Past Collection –
1959 Dodge Dodge Custom Royal
Dodge used the Lancer name from 1955 to 1959 to designate both two- and four-door pillarless hardtop models in the Coronet, Royal and Custom Royal lines. The Custom Royal Lancer was a hardtop only and top-of-the-line model for Dodge in 1959. There were 6278 2-door hardtops made and 5019 4-door hardtops made in 1959. Only 11,397 Custom Royal Lancers were made. The Custom Royal Lancer featured a big-block engine, 361 cubic inches at 305 horsepower. A D-500 option was available, which was a 383-cubic-inch engine with a single Carter 4-barrel carburetor rated at 320 horsepower and a Super D-500 engine option, a 383-cubic-inch engine with dual 4-barrel carburetors rated at 340 horsepower. The Custom Royal Lancer also featured padded dashboard, steering wheel, Lancer emblems on the fenders, steering wheel, hubcaps and glove box, foot-operated windshield wipers, dual radio antennas, deluxe side trim and thick chrome eyebrows. Optional equipment included power windows, brakes, air conditioning and swivel seats. The Lancer designation was dropped for 1960.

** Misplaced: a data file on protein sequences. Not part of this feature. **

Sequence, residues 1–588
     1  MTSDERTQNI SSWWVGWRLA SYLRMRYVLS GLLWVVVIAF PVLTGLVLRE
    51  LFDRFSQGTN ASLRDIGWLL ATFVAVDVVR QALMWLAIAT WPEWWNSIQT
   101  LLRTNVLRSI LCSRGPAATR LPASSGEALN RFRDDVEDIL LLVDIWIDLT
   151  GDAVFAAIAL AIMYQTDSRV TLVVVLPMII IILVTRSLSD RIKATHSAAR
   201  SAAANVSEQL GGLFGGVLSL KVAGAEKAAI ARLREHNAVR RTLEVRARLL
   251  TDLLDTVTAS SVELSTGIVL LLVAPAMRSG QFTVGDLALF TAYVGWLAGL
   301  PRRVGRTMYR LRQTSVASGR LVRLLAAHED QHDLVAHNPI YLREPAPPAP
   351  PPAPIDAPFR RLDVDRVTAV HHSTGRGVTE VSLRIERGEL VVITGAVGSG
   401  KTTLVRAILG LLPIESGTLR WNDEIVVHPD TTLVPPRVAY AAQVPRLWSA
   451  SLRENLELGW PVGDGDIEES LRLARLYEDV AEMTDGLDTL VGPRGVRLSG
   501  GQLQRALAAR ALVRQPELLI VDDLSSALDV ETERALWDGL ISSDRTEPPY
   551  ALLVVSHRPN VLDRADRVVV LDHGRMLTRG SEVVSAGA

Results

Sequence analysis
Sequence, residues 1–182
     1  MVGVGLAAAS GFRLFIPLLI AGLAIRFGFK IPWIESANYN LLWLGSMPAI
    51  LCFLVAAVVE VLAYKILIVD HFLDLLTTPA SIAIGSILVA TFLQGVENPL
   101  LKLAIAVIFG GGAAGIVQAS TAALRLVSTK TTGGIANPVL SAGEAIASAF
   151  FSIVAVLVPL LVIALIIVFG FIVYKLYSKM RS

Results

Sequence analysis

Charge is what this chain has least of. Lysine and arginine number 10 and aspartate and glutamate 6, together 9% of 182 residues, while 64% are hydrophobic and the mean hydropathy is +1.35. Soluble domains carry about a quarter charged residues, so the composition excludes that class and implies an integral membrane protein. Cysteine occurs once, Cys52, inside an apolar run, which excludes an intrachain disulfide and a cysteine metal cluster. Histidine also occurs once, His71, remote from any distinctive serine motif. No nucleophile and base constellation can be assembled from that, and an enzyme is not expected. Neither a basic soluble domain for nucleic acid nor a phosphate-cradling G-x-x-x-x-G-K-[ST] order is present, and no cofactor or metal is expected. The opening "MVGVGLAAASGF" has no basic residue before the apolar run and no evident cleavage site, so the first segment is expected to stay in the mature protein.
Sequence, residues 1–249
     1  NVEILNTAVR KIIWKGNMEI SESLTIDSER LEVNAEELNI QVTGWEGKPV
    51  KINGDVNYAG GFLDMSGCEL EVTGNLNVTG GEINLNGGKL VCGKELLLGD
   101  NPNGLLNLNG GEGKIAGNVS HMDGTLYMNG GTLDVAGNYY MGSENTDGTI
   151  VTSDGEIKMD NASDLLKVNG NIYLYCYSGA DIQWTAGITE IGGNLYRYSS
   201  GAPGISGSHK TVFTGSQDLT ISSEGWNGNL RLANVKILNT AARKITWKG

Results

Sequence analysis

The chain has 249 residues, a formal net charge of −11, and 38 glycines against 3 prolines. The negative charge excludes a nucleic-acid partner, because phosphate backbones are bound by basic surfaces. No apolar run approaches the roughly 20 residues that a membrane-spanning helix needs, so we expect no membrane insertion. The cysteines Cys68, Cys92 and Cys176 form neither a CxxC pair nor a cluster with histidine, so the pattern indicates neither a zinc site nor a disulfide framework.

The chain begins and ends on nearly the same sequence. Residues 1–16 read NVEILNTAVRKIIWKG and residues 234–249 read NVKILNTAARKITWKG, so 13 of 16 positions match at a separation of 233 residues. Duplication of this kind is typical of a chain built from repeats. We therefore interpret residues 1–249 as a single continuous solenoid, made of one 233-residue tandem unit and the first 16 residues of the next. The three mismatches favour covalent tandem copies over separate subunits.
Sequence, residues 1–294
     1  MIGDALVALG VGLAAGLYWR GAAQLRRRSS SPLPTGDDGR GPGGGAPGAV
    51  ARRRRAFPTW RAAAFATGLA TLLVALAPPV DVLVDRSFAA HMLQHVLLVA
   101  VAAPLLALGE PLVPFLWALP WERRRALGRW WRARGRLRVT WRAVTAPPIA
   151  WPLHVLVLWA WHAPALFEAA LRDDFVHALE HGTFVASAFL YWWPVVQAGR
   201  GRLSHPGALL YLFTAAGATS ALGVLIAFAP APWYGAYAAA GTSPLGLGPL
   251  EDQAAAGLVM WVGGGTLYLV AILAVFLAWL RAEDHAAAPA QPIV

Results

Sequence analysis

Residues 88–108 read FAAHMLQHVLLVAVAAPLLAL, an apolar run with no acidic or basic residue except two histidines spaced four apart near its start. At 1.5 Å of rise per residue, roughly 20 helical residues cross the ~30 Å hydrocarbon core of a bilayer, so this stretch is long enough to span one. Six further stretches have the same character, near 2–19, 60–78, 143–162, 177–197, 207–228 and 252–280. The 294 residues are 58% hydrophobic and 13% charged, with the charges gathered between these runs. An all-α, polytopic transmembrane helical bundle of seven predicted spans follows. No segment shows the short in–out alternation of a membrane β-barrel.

The 1959 Dodge Custom Royal is a rare bird. For one thing, it’s one of only 984 fliptop Custom Royals built for 1959 (base-priced at $3422). For another, it has that year’s new Super D-500 option, a 383-cubic-inch V-8 with twin four-barrel carburetors and a blistering 345 horsepower. The point? The Super D-500 was available on any Dodge.
That 383 was a new size for Dodge as well as ’59 Chryslers and DeSotos, the first of what would be a long line. But you didn’t need the Super D-500 to enjoy a Custom Royal ragtop, as its standard engine was a Super Ram Fire 361 with a healthy 305 bhp. In between was a single four-barrel 383 D-500 option with 320 bhp.
All these engines were efficient “wedgeheads” that worked best with responsive TorqueFlite automatic transmission. Rivaling its trademark pushbutton controls for futuristic gimmickry was another new ’59 feature: swivel front seats. Our featured Custom Royal has these too, though other Chrysler makes also offered them. The idea was to ease entry/exit in ever-lower cars. This option was fairly popular, but it didn’t last beyond 1960.